I’m an art historian. One of the things that I teach about in depth is the history of Greek art. One of the things that defines ancient Greek art from the archaic periods to the classical is the idea that most of the art depicting males share several qualities. Ancient Greek art, for example vases, often have a warlike bent to them. It’s clear that the Greeks were always at war. The ancient world just demanded men to be able to compete on the battlefield.
Many of the vases from the ancient Greek world show themes from the Iliad and earlier ones just show warlike themes with hoplite warriors and breaks in the war. For example, this Mycenaean vase shows this kind of theme. As art developed towards the classical phases one of the themes that comes up a lot is warriors taking a break from the battle. In these examples here we see Ajax and Achilles taking a break and playing a game of checkers between bouts.
If you look at the Panathenaic freezes, from the Parthenon in Athens from around 450 BCE one of the things that you see is that all of the friezes depict beautiful young man who athletically fit. Their bodies clearly show that they are able to be athletic and therefore they are also able soldiers.
The same thing is true with some of the grave markers. These kouros figures from the archaic period, although they are very stylized, depict a young wasp wasted male who is beautiful has broad shoulders and is very powerful. In fact there was a concept in ancient Greece called “kalos” which roughly translated means morally good and physically beautiful. The Greeks like us believe that the package represented the contents. The Greeks also believed in heroes. The type of heroes depicted in epic poetry like the Iliad and the Odyssey by Homer from around 800 BCE. The warriors are always described as “shining” and beautiful.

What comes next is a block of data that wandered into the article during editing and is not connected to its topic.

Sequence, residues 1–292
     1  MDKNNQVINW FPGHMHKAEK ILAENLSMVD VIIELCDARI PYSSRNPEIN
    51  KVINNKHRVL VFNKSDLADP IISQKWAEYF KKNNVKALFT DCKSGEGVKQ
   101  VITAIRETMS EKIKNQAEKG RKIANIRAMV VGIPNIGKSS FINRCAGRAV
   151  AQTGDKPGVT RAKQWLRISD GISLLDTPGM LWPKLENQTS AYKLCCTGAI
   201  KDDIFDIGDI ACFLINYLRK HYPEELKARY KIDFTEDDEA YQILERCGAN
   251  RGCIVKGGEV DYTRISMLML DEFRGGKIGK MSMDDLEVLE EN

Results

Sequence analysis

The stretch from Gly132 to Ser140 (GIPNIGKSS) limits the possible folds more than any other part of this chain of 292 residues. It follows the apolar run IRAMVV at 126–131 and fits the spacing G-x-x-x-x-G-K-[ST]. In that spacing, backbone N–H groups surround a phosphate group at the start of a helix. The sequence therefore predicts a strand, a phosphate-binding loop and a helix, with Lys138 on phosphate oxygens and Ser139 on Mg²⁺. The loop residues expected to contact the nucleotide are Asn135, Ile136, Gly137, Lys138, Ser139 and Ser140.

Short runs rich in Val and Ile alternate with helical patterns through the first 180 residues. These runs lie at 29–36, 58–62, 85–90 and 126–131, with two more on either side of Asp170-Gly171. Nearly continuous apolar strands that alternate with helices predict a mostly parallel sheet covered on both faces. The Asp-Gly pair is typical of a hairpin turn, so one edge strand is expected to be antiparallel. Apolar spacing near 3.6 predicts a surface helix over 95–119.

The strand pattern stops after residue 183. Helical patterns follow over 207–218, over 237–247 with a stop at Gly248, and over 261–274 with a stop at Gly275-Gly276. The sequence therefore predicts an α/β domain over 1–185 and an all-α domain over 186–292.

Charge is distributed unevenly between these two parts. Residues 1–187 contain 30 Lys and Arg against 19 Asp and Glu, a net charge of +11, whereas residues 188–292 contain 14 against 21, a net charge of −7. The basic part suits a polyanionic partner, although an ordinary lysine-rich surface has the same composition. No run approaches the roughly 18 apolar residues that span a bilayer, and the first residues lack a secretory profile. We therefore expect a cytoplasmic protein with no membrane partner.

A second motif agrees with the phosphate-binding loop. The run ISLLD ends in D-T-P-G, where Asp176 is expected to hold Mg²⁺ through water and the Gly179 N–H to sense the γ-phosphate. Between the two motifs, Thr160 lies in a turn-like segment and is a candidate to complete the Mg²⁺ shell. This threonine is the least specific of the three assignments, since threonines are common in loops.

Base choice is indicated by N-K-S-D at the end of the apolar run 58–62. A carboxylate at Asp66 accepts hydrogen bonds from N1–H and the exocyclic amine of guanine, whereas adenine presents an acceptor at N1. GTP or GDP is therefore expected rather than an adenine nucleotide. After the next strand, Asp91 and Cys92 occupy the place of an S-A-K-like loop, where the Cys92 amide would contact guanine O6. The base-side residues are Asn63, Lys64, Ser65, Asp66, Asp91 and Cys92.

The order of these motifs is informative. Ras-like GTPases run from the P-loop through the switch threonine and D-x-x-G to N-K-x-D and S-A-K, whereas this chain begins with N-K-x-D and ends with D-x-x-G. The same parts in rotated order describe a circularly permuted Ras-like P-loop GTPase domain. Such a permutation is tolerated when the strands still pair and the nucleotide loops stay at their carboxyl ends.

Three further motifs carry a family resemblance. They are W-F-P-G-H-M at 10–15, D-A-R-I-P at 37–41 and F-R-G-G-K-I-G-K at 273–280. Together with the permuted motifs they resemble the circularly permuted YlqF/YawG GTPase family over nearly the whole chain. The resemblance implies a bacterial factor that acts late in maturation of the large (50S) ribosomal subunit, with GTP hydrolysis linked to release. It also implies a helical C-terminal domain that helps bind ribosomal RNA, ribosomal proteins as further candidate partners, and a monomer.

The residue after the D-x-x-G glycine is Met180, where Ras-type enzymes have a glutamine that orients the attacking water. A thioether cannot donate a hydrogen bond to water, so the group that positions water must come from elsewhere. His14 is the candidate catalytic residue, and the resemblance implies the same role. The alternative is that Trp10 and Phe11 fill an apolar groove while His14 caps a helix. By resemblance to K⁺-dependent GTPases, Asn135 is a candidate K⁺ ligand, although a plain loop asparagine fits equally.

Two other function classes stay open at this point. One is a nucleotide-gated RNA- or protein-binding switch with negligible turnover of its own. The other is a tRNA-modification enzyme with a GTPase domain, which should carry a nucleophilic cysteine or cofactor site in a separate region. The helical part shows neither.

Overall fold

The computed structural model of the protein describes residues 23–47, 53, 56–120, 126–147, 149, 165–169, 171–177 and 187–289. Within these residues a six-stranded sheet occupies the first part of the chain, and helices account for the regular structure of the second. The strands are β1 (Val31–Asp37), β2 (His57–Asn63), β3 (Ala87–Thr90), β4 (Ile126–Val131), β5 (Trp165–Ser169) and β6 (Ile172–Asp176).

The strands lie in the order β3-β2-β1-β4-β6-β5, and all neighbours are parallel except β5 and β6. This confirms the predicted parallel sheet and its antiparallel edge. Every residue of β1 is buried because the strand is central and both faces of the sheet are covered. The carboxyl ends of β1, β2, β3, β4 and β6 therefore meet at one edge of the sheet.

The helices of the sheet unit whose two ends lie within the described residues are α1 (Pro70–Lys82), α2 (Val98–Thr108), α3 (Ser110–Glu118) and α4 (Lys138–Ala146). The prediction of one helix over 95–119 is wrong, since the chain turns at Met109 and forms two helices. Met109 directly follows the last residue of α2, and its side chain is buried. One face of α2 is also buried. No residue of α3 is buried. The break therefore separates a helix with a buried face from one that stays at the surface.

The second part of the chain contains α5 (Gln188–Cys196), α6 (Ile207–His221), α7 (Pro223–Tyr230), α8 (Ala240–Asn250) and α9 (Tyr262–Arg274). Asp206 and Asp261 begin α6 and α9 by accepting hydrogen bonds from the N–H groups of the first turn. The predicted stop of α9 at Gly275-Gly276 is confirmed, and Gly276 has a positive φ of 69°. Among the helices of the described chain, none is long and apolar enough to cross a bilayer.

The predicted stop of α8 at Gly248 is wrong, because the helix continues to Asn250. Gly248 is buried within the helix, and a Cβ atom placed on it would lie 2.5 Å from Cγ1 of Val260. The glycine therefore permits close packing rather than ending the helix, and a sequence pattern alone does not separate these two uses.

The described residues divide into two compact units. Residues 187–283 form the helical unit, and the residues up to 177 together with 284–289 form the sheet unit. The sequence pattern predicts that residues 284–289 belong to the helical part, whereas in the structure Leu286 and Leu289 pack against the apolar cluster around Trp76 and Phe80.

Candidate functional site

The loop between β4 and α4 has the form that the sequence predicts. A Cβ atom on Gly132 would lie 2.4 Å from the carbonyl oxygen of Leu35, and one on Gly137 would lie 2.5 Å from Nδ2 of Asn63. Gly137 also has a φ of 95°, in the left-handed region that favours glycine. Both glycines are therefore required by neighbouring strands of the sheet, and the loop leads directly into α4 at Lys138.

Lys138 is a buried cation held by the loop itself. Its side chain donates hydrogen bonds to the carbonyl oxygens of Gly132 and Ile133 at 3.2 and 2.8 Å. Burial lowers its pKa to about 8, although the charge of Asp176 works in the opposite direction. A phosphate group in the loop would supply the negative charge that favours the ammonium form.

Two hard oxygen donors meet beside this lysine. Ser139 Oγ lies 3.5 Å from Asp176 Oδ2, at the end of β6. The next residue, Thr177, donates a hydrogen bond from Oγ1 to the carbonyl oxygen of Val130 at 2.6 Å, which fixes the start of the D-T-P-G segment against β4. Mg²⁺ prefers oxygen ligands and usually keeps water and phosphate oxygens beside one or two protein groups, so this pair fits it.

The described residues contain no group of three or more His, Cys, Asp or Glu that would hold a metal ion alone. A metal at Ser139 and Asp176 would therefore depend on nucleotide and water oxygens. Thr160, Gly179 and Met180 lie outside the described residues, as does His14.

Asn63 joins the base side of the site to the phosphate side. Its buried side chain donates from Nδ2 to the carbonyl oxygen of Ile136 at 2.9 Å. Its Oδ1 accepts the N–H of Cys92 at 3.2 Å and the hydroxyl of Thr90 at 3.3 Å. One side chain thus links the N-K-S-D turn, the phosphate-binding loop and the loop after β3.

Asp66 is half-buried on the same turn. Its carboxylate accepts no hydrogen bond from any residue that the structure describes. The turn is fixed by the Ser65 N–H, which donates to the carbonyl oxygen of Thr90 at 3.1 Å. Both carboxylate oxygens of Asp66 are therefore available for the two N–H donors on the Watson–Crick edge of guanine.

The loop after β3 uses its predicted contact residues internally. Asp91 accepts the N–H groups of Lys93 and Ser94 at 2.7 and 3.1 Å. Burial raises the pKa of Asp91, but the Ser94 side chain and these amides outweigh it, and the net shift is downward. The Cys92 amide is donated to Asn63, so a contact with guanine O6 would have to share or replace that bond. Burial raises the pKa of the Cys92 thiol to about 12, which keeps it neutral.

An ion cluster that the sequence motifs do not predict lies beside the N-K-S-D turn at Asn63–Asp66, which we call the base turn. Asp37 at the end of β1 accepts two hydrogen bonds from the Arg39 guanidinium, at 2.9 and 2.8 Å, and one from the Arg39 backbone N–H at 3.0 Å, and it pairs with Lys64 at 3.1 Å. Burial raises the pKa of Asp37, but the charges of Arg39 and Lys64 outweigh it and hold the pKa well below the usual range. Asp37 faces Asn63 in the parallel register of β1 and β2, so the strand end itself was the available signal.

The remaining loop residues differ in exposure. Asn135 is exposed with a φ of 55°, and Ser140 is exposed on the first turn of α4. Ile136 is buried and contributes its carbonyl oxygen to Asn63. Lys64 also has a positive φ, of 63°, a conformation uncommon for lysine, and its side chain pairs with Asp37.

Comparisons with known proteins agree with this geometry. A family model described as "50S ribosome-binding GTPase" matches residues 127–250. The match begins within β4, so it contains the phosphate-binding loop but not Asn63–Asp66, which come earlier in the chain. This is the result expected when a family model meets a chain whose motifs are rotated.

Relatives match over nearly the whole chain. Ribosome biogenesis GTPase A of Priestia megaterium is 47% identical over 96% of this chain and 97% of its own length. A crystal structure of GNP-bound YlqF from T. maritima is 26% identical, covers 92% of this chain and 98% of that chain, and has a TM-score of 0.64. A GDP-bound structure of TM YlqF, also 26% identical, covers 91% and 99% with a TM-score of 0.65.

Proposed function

The same is true of this sculpture from around 450 BCE called the Doryphoros by an artist named Polykleitos. It’s often called the Canon because it depicts what Polykleitos thought was the perfect set of proportions. Again, this kind of depicts the cult of war and the able-bodied warrior that would be important in the ancient Greek world. The same thing is true about Adi Nes’s work.
I came across Adi Nes’s work at an exhibit in the DeYoung Museum in San Francisco. It kind of confused me. The exhibit consisted of large-scale photographs that looks very much like Caravaggio’s paintings of soldiers and bathers and there was even an image that was a kind of reboot of Leonardo’s “Last Supper.”
The images were provocative and beautiful and the images of the young beautiful man in the photographs were both violent and gorgeous. The scale of the photographs was gigantic some of them as large as 5 feet or 6 feet long and several feet tall. They felt to me almost like friezes from the Parthenon.
Recently I did some research on Adi Nes and here’s with the Huffington Post had to say about his stuff.
Adi Nes is a gay Israeli artist whose work, including his latest -- "The Village," explores concepts of masculinity and power. He has been praised by Richard Goldstein at the Village voice for his unique vision, who stated, "No young artist has so vividly captured the hidden cost of victory, the fine line between power and fragility, the interplay of arrogance and despair that shapes wartime identity."
Although I intrinsically agree with the Huff Post’s analysis I’m not so sure about “the hidden cost of victory.” In fact, I think that the artist’s work might actually be a celebration of the male form and the beauty of a muscular body’s ability to commit acts of violence.